Charles
Okay, so you’re researching the areas, you’re figuring out which ones perform the best. And then you you can target those areas. So what types of returns do you usually see from Airbnb? When they’re properly managed? Maybe what would be unprofitably? And then what would be a proper you know, return you would see.

Jorge
Yeah, it depends on the strategy. But one of the most popular strategy is sub-leasing. And usually in a sub-lease, you got to pay the first month a deposit, and then some furniture and decor. Hopefully, you don’t have to completely furnish the property. If you did, and you were to spend say, 10 grand to 12 grand and like furniture and things like that. You might be looking at like, depending on the area three to seven months to make all your money back and be at a breakeven point, right? And then after that, you’d be like in profit. If you go with the co-hosting route, what I really like about it is that you’re in profit, pretty much infinite return on investment. You don’t have to put any money out of pocket because you’re offering a management service. So you start cash flowing on day one.

Charles
So you’re just in the cohost model, which is something new. I’ve never even I’ve seen it before on Airbnb, but I never knew what it really meant. With the co host model, you’re really just find tuning another hosts? property, let’s say that they’ve sublease that they own whatever it might be. Now, explain that as a co host. I imagine if you’re coming as a co host, you’re a super host or something like this. So explain how I mean, how many what’s the vacancy? Or usually are you guys you know, how does that usually work your vacancy per month, and that how the super host helps you being a co host and what a super host is.

Jorge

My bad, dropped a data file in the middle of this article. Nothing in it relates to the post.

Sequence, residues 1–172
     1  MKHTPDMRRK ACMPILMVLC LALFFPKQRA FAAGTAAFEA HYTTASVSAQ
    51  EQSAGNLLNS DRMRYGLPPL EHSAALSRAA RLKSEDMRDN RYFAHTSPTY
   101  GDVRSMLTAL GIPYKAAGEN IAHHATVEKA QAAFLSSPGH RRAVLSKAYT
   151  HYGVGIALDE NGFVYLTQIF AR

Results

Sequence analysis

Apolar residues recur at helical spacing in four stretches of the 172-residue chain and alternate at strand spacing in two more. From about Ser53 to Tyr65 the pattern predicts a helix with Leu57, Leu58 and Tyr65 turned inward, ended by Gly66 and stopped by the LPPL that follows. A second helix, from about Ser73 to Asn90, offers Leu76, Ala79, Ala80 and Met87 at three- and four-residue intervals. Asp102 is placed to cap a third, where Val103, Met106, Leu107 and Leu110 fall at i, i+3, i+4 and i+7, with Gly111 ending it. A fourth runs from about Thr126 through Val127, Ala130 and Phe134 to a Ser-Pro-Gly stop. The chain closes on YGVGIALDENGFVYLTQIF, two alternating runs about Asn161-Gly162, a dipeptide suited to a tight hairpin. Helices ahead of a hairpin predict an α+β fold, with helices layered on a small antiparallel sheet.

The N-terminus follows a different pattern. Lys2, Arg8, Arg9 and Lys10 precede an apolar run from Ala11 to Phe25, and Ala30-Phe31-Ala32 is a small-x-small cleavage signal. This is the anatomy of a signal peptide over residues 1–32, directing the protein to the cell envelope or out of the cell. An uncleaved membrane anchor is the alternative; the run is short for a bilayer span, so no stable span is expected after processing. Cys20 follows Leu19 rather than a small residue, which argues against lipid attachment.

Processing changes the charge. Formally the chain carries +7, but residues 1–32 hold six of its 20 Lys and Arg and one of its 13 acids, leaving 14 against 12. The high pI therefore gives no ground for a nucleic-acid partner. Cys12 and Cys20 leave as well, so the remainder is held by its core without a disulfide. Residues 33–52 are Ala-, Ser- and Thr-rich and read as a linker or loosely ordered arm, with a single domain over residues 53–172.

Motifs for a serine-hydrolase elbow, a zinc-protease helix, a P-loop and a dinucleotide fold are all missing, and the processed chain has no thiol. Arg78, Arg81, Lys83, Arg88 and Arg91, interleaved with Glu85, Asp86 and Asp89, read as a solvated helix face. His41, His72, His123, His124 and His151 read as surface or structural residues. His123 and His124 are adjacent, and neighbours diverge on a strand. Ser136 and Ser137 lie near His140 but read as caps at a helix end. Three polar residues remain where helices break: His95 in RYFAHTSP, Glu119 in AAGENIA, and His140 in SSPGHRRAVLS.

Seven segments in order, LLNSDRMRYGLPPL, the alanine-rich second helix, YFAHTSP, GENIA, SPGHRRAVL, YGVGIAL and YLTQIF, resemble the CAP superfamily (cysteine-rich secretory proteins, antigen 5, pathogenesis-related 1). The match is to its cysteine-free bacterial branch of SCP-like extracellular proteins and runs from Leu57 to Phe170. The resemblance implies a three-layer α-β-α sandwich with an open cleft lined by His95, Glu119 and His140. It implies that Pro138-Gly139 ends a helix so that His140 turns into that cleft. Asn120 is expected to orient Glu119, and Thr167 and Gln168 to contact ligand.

Yeah, great question, Charles. So, for my portfolio, me and my partner, we have about 16 Airbnb right now. Combined, I own sublease and co host, most of them are on the sublease site. And we have about an 80% occupancy. Obviously, it’s dropped right now due to the corona situation that people are quarantined and whatnot. But this too will pass, we’ve been through, you know, 32 recessions before, so it’s just a matter of time. So, and then as far as super hosts, you have to have 4.8 or higher with at least 10 reservations and keeping a 98% communication score. And when you do, like when I stay at Airbnb, I only look at super host properties. I don’t even because why, why do I want to look at the properties that are 4.0 or 4.3, right? So I’m only looking at properties that average 4.8 or higher, because I know that they’re great properties and you know, otherwise they wouldn’t be super hosts. So whenever you’re a super host, you can demand higher prices. And of course that more occupancy for, you know, just having a better overall property and system going on.

Charles
When you’re doing the co host, you’re bringing the super host, you’re bringing the ability to get them to that 80% occupied level, where are you? What do you usually what do usually charge? How do you charge for this as the co host model?

Jorge
Yeah, for the for the 300 co-hosts that we have right now it’s 22% of the gross revenue. So the cleaning fee gets first passed on to us because when you look at Airbnb revenue, they put the clean and a total revenue in one basket. So we break it down and we’re like, Okay, well how much of that revenue is cleaning, that cleaning fee gets passed on to us which is a pass through expense because then it goes to our cleaning staff. And we keep about 10% of that be. The cleaning fee which is slightly marked up for replenishable is like toilet paper, paper towels, body wash afterward whatnot. And then the remaining revenue excluding the cleaning fee. We take 22% of that.

Charles
Okay, and then

Jorge
They’re pretty normal.

Charles
Okay. All right, gotcha. And then obviously, when you see the listing Airbnb clearly marked their fee in there that they’re charging as well. Is that correct?

Jorge
Yeah, it’s slightly below 3%

Charles
Okay. All right. So you touched on earlier and it’s a question that I’ve been wanting to ask you about how you and your students are reacting to COVID-19 and is that knocked out everything or is it just I mean, how does Airbnb talk to their host?

Charles
Yeah, you said how is Airbnb what

Charles
Like how your house Airbnb I heard Airbnb refund it like a ton of like everybody right? And then how are they working with you guys saying that when can you start again? mean?

Jorge